Nearly 300 secondary students mingled with some of the state’s brightest minds in science, technology, engineering and mathematics (STEM) at Science Café on Thursday 25 August, rounding out Scitech’s part in an incredible National Science Week 2016.
Students from all over Perth had the unique opportunity to speak to professionals from industries such as radioastronomy, health programming, particle physics, plant genetics, disease research and much more during a morning tea designed to inspire teenage minds.
“Studying science can lead to an amazing array of careers. Science Café helps demonstrate those links by connecting secondary students to professionals from a range of industries,” Scitech Science Café Coordinator Colleen Kleinschmidt said.
“From astrophysicists through to cancer research and plant energy biology, it’s really inspiring to hear what a day in the life of a scientist is actually like and what pathways these people took. And it doesn’t always involve a white lab coat!” she said.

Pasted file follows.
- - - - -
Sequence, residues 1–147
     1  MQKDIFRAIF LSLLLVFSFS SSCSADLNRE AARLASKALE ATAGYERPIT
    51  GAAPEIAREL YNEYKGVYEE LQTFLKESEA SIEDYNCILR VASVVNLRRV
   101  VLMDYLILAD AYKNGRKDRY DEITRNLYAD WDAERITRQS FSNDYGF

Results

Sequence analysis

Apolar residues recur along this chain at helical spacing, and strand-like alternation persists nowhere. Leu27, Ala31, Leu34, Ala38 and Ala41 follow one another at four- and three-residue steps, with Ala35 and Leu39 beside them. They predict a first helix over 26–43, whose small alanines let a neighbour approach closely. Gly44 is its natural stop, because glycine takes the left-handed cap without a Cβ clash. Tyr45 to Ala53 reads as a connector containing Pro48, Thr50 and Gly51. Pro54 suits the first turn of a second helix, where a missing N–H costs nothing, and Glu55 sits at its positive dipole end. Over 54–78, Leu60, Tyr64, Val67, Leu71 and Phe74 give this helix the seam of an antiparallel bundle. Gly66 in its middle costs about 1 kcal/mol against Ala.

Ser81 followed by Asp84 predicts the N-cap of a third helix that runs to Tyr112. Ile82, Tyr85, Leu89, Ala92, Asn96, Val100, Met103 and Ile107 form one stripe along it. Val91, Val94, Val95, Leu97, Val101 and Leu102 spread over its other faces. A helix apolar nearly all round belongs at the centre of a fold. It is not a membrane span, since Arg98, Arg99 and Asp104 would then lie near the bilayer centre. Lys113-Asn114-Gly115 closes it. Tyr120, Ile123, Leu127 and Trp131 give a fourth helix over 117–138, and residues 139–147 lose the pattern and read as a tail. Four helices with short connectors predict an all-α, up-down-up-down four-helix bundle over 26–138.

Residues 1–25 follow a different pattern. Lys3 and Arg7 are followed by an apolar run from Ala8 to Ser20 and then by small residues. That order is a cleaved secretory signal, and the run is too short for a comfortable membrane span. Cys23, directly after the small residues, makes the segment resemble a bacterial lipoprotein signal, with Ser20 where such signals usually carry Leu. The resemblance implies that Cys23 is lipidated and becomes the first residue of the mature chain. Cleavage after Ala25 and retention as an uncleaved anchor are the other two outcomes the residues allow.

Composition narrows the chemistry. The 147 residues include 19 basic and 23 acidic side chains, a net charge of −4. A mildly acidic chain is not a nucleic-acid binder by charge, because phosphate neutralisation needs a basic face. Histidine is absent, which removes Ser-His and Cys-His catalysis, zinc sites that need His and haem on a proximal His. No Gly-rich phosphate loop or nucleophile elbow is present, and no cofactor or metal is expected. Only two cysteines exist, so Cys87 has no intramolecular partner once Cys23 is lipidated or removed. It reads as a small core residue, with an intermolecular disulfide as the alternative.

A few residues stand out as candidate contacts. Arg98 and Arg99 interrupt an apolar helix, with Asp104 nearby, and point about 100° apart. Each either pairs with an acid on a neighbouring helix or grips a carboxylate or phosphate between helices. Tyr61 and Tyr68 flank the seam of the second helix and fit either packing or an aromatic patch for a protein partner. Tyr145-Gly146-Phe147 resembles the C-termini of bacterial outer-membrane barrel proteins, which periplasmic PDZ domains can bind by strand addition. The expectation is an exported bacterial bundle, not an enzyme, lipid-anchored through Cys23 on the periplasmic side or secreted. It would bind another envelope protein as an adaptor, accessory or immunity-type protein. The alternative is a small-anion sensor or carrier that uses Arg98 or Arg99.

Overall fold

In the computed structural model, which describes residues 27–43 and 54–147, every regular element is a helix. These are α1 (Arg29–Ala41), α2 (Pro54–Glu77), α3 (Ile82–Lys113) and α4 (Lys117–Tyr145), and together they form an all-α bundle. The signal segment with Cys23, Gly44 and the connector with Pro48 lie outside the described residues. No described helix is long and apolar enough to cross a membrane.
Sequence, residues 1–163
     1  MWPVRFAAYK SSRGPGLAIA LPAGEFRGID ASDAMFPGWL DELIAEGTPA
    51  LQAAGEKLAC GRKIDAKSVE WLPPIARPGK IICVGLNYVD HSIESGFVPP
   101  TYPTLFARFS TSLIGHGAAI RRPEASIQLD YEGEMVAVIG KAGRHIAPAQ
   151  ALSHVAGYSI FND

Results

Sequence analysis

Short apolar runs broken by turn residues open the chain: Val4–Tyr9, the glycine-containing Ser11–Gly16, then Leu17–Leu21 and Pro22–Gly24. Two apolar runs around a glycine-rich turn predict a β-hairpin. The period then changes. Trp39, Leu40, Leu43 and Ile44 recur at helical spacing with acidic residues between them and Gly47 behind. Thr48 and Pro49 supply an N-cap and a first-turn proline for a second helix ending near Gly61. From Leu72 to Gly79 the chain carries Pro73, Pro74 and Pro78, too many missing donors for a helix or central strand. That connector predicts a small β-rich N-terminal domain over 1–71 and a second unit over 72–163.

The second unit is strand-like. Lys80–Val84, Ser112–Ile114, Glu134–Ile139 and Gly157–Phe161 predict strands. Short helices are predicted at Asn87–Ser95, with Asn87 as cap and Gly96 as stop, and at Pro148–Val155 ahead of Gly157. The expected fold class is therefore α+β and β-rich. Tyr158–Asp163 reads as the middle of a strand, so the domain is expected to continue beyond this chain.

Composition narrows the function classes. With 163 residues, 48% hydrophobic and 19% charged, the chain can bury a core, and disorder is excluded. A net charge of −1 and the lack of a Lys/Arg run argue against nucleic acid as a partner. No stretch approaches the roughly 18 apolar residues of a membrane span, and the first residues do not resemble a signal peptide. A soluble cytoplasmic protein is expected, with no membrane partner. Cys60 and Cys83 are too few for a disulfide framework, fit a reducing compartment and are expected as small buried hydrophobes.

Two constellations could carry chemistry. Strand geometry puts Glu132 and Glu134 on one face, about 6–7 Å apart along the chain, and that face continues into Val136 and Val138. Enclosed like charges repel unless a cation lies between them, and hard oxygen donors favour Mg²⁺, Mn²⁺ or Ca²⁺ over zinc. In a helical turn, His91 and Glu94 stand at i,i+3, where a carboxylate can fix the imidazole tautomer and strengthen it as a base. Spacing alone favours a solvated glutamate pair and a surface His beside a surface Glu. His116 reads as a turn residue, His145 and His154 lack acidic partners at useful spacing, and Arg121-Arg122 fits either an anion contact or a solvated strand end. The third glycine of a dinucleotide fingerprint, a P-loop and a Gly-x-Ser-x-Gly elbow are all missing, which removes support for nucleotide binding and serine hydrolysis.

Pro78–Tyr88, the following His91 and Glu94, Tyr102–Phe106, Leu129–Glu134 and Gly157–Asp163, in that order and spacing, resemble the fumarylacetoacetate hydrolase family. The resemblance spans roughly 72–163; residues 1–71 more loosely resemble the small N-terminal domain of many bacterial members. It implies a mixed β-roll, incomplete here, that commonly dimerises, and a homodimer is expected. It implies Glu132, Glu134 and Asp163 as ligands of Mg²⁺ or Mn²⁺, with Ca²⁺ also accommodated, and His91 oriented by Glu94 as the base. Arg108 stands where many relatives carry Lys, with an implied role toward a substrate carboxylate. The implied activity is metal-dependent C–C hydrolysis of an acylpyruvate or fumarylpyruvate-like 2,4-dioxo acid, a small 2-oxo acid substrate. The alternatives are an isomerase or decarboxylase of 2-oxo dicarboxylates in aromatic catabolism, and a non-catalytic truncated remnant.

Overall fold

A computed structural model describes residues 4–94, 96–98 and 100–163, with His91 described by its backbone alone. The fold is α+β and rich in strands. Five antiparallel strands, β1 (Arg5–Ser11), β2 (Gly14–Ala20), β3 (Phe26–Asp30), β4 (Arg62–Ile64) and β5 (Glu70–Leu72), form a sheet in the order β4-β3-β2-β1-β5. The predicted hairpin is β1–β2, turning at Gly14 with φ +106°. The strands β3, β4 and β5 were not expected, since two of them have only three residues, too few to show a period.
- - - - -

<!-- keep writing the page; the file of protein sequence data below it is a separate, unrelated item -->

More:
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Science Café was held at The University of Western Australia (UWA) Winthrop Hall and was attended by close to 290 students, 36 teachers, and 75 STEM professionals. “It’s great to see so many students taking an active interest in STEM when they think about future study or career paths,” said Colleen.
“I think the students leave with a broader perspective because they start to understand what studying science, engineering, and maths at school can do for them later,” she said.
WA Chief Scientist Professor Peter Klinken welcomed attendees to the annual event, followed by short inspirational talks from Chevron Australia Social Performance Manager Luke Blackbourn, Surgical Realities Chief Operating Officer Anitra Robertson, and UWA Neuroscience PhD student Alex Tang.
Hosted by UWA with the support of Scitech, Chevron Australia and Inspiring Australia, Science Café was one of hundreds of events that occurred across Australia during National Science Week.